Urban (mis)Advantures

Is Charlie Sheen Over? — February 25, 2011

Is Charlie Sheen Over?

Supposedly, after a slew of drunken behaviors and rants about the wrong people, Charlie Sheen’s show “Two and a Half Men” is canned.

Here’s the MSN article: http://tv.msn.com/tv/article.aspx?news=631432&gt1=28102

So, does he deserve it?  I think so.  If any one of us average Joes and Janes ranted around drunk, we’d be arrested.  If us non-celebrities blasted our bosses, we’d lose our jobs.  If the every day person were to assault his spouse, he’d be in jail.  Maybe people have been too lenient on him until now.  It’s just a shame that John Cryer’s career now has to take a nose dive because of Charlie’s antics.  (John, I’m still a big Morgan Stewart’s Coming Home fan).

In reality, how much longer can this show last?  Jake is as tall as his father and uncle, and his voice dropped, so he’s not really a “half” man anymore.

— February 21, 2011

Oli(ver), who has diabetes, appears to be doing much better since the last post about him.  Though he’s still not back up to his normal weight as shown in this picture taken 2 months ago, he’s eating his high protein food and enjoying a bit of milk now and then.  He walks normally with his head up now and resumed jumping onto the back of the couch to take a rest.  Oli also has resumed other usual behaviors such as crying to wake us up early in the morning when he feels like we should get up.  Yesterday he chewed on some stamps and stickers, and searched for other sticky, tape-like items when I chased him away.  He tried to walk all over the keyboard the other day while I wrote.  It’s good to have him back.

Why Star Wars is Essential to Childhood — February 19, 2011

Why Star Wars is Essential to Childhood

I’m still seeing my favorite Superbowl commercial-the mini Darth Vader trying to use the force on objects, and “succeeds” on the VW Jetta.  And the pint-sized Sith Lord has me thinking.  The Star Wars franchise was an essential part of Generation X’s childhood.  And it continues to be an essential part today as Gen X took their children to see Episodes I, II, and III (along with making them watch Episodes IV, V, and VI).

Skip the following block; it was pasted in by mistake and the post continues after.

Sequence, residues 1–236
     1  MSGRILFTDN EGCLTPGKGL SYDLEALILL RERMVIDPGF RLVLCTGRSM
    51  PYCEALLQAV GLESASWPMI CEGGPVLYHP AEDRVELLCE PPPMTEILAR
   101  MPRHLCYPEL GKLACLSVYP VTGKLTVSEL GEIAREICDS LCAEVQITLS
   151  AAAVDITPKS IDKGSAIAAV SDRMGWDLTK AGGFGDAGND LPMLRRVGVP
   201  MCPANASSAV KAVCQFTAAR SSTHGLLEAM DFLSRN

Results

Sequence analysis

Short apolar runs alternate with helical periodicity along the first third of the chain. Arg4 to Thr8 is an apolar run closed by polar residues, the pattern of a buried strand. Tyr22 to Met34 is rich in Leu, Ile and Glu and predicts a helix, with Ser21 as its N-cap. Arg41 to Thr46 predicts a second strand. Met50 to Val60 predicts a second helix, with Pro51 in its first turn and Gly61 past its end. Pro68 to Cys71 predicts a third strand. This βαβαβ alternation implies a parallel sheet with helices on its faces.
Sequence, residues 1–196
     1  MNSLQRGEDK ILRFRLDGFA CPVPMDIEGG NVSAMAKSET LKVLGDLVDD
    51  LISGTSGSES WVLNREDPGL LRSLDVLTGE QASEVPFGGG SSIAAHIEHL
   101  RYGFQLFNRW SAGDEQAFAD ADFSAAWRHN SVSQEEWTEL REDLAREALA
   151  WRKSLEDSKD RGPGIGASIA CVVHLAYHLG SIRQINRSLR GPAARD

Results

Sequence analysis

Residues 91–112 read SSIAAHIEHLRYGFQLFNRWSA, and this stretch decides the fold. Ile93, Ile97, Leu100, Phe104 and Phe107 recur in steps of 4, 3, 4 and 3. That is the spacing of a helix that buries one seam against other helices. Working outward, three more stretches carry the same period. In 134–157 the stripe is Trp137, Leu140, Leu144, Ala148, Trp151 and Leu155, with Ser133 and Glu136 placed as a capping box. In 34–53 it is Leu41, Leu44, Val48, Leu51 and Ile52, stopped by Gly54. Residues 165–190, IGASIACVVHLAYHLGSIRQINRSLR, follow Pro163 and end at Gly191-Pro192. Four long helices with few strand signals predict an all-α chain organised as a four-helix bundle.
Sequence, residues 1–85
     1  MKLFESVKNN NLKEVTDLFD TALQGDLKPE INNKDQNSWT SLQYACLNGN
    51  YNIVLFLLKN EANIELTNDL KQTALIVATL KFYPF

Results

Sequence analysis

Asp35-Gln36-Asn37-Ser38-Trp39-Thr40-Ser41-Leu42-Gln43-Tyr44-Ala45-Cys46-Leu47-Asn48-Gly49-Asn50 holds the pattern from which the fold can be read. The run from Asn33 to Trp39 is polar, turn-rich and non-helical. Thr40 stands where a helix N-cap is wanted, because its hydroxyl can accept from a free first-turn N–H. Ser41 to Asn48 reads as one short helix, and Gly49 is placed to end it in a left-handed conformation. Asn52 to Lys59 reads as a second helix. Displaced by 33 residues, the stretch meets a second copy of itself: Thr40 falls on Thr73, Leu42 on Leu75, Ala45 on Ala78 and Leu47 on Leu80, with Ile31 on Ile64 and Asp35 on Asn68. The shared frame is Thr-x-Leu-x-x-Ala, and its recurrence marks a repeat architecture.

“What?!” you say.  Oh, no.  Another dork that worships Jedi Knights and tries to invent a light saber.  No.  But a parent that realizes Star Wars offer visual examples of the many lessons we attempt to teach our children in order to be a productive member of society. 

Let’s start with lessons in the value of friendship.

Friends come in all shapes and sizes.  An eight foot tall howling hairball of the Wookie race.  A dwarfish, ill-green colored elder with a speech impediment.  An anxious, know-it-all droid fluent in “6 billion forms of communication.”  Although they seem more like the gym classmates that weren’t the first choice of teams, Chewbacca, Yoda, and C3PO were among Luke Skywalker’s friends, which were ultimately his lifeline.  They provided advice, wisdom of ages, and brute strength to help him fight an oppressive empire.  In the later episodes, Obi Wan Kenobi’s humanoid and alien ties across the galaxy kept him informed of tid bits vital in the Clone Wars.  The Star Wars movies, books, and television series plainly teach that one can be friends with those of different socio-economic class, religious beliefs, intellects, and race.

The biggest of help can come from those you least expect.  With the fact that one can be friends with others different from oneself, Star Wars then visually shows children the importance of taking help from these friends, especially when they know more about a situation.  A perfect example of this is the Battle of Endor.  The Rebellion forces were captured by the Empire and all their vast technologies of walkers and speeders.  And to the rescue are dozens of chunky teddy bears, springing traps of logs and bashing Storm Troopers upside the head with sticks and rocks.  The Ewoks proved to Han, Leia, and Luke that even the smallest of natives know their land better and can save your neck.  On the planet of Naboo, the aquatic native Gungans proved to have elegant weapons and waged an impressive defense against the droid army.  This provided the needed diversion from the royal city and allowed Amidala and her guards to take back the palace.  Children can generalize this to real life by asking for help during many childhood battles, including loneliness, struggling grades, and bullying. 

Teamwork, teamwork, teamwork!  Sometimes we have to work as a team.  Kids play sports and have to work together to complete classroom projects.  The Star Wars movies show again and again that often times you can’t take on the galaxy by yourself.  Among those who rescued Han Solo from Jabba’s palace included two droids, a handsome and smooth talking gambler, an inexperienced Jedi, and a pushy, love struck princess.  Each team member brought their own talents and ideas, then played their own parts to spring their friend from the Hutt’s slimy clutches.  Even the sith realized they needed the help of apprentices and droid armies to help conquer planets.